The team at Starfish Impact has had the honor of facilitating a few amazing board retreats this year. We’ve seen boards come together to create ambitious goals, set performance objectives, and unify around a single vision for the future. There’s no magic formula for a productive retreat but successful retreats share some common best practices:
Make time for planning and goal setting. As with any meeting, there’s no use having it without a purpose. For one recent retreat, we interviewed individual board members to identify goals and create an agenda. We found that talking to board members one-on-one allowed us to understand each unique perspective but also to identify issues that were bubbling below the surface.
Initiate authentic communication. Before diving into an ambitious meeting agenda it’s important to set the tone and remind people why they are here. Our team facilitated a retreat that opened with a panel of clients telling their stories of being helped by the non-profit. Board members were inspired by the work and it set a positive tone for the meeting. From there board members were asked to share their personal stories of getting involved with the organization. We were impressed at how these personal stories were able to break down barriers between board members and get everyone working together.
Build in time for brainstorming, but make sure to end with actionable objectives. It’s easy for groups to get stuck in “idea generation” mode with everyone throwing out ideas and solutions. To make sure the board moves purposefully though the agenda to arrive at a realistic plan, our retreats utilized a facilitator and for each agenda item, we nominated someone to be in charge taking notes, making conclusions, and organizing ideas into objectives and a workable plan.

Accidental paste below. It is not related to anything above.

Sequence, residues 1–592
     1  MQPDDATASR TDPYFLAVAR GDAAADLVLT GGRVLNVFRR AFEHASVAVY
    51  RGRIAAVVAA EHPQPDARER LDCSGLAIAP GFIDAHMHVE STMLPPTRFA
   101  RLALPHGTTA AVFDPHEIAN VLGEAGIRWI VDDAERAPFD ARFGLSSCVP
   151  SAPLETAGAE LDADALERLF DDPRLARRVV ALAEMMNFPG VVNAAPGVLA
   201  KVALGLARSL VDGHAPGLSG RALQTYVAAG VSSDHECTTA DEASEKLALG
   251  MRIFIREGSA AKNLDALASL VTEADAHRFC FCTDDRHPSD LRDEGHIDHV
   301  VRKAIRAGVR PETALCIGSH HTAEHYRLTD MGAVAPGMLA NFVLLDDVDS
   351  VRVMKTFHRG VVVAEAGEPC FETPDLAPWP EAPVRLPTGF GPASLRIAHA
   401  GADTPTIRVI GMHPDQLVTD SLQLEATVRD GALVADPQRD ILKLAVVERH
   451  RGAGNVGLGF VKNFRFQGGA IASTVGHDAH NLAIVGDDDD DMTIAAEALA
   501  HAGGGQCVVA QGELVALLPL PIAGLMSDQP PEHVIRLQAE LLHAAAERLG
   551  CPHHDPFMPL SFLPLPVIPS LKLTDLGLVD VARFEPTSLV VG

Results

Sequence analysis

Clarify roles and responsibilities. The last board retreat we facilitated had 15 people who all had a different idea of their role. Some board members thought fundraising was just for the fundraising committee and others felt the entire board needed to do more to recruit new partners to the organization. Pre-retreat interviews exposed these issues, and they were addressed head on at the retreat by reinforcing roles and responsibilities throughout the retreat.
Make sure to talk about fundraising and board composition. At one retreat we attended, the board took special care to discuss the logistics behind their plans as a way to prioritize action items. Because special care was made to talk about fundraising, the board realized that some fantastic ideas were well beyond the current capacity of the organization and they would need to expand the board’s reach to accomplish these goals. For this reason we suggest always including a fundraising and board capabilities discussion as a “reality check.”